Menu
 

Monday, August 17, 2015 AgriVisor Afternoon Marketwatch

 
Monday, August 17, 2015
***** Corn futures drop a penny; soybeans end fractionally higher; Chicago wheat drop 6 to 7 1/4 cents. *****

   Markets were mixed over the course of a rather quiet trade. Markets were quiet despite the release of key data including FSA acres and NOPA crush. Weather forecasts are favorable for crop conditions, negative for price. Outside markets traded without exerting much influence on the grains.
   Export inspections were solid this week and particularly strong for soybeans. Soybean shipments were 13.8 million bushels. Corn exports were 35 million bushels, near the week's tally a year ago. Cumulative shipments still run behind last year, 1.686 billion bushels compared to 1.765 billion in 2014.
   Prevent plant acres reported by the Farm Service Agency (FSA) were higher than expected. Claims filed amounted to 2.3 million corn acres and 2.17 million soybean acres. The numbers are difficult to match up with planted acres estimates from the National Agriculture Statistics Service (NASS), but they have analysts suggesting that the NASS figures could eventually be reduced by up to 1 million acres for both corn and soybeans. 
   The July soybean crush data were very strong. NOPA crush was 145.2 million bushels for the month and well above expectations for 141.5 million. A strong crush pace has been a notable feature of the market again this year and just recently led the USDA to up its usage target by 15 million bushels to 1.845 billion for 2014/15.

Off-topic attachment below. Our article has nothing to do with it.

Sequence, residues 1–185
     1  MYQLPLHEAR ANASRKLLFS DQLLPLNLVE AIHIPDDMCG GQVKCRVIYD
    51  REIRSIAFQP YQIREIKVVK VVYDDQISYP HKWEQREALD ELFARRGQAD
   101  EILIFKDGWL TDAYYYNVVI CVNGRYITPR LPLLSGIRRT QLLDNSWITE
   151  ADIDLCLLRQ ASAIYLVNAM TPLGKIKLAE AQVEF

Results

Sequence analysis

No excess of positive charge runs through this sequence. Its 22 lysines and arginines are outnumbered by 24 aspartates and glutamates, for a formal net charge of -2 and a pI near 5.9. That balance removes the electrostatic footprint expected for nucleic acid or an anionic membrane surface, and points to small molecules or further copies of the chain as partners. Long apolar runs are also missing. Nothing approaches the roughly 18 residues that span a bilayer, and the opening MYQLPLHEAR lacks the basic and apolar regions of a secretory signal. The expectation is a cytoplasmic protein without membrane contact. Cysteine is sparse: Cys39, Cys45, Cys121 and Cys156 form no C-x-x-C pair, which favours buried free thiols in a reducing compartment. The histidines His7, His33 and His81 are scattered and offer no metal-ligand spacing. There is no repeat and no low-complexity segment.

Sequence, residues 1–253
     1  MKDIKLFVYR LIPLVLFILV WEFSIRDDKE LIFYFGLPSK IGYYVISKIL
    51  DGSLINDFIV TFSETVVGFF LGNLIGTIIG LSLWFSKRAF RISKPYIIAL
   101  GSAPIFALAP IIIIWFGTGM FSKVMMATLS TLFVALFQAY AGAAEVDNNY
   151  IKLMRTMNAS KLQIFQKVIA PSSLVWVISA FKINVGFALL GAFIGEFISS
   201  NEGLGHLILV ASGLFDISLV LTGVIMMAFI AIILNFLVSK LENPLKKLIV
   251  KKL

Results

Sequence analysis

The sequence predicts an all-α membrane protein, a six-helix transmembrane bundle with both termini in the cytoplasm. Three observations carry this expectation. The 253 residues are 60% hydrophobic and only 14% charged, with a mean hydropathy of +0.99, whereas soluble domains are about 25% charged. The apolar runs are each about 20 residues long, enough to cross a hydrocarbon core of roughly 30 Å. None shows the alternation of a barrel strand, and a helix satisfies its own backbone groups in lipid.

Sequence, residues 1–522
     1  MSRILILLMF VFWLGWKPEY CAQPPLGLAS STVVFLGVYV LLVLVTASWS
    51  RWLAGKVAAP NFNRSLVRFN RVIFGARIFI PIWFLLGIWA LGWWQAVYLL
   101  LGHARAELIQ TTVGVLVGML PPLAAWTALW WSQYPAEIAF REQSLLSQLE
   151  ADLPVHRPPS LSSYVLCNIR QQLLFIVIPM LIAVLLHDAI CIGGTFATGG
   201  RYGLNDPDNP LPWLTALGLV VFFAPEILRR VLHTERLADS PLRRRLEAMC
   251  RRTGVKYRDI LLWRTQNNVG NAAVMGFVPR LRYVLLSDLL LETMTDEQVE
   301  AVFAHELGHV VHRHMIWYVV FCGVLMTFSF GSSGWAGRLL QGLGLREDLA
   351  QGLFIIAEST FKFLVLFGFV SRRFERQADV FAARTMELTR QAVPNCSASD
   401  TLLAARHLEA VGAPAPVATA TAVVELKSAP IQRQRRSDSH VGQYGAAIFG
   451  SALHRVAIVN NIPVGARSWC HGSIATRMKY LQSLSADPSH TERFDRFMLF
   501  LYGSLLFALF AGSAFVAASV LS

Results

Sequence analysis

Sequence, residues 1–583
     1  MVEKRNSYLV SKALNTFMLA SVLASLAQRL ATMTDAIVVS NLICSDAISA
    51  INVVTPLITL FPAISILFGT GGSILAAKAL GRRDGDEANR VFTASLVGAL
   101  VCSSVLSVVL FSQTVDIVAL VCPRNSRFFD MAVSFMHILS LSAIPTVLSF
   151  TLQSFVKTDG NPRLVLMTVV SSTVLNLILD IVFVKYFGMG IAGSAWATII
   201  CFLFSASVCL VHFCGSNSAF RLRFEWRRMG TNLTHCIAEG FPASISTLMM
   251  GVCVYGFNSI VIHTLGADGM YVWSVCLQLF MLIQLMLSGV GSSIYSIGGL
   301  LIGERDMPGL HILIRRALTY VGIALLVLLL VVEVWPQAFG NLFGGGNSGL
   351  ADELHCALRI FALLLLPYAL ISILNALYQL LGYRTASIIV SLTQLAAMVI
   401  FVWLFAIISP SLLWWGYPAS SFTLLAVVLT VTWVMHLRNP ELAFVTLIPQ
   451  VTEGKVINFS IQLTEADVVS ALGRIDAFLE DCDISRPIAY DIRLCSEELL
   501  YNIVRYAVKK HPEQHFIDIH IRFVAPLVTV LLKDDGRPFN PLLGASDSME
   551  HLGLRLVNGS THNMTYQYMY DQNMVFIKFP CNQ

Outside markets were mostly quiet on Monday. Stock traders are waiting to see if any further currency volatility develops and expect to have more guidance on interest rates when minutes from the July Fed meeting are released on Wednesday. Oil futures are down for the seventh session in eleven this August. Gold prices finish moderately higher. Soft commodities end lower for the day. 

***** Hogs up $0.50 to $1.275 on the session; live cattle futures end steady to $0.75 higher as October feeders finish $0.675 lower. *****

   Hog futures posted gains on a cash market that held steady. Traders are looking for some convergence to occur between futures and cash now that the October contract has become front month while holding a steep discount to the cash index. 
   After last week ended without a discernable trend ever developing in the cash cattle market, traders are left expecting showlists to grow and weigh on prices this week. Slaughters are up slightly from a week ago. Demand will have to do the work keep support under the market, but beef's premium held over other meats will be a headwind at the retail level.

  SYMBOL IN EVEN SQUARE